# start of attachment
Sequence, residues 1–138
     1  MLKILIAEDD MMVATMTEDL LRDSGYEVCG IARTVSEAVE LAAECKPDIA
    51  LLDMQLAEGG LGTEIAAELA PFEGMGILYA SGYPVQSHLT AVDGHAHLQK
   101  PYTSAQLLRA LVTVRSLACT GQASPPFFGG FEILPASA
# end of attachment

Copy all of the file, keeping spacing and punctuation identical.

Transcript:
Sequence, residues 1–138
     1  MLKILIAEDD MMVATMTEDL LRDSGYEVCG IARTVSEAVE LAAECKPDIA
    51  LLDMQLAEGG LGTEIAAELA PFEGMGILYA SGYPVQSHLT AVDGHAHLQK
   101  PYTSAQLLRA LVTVRSLACT GQASPPFFGG FEILPASA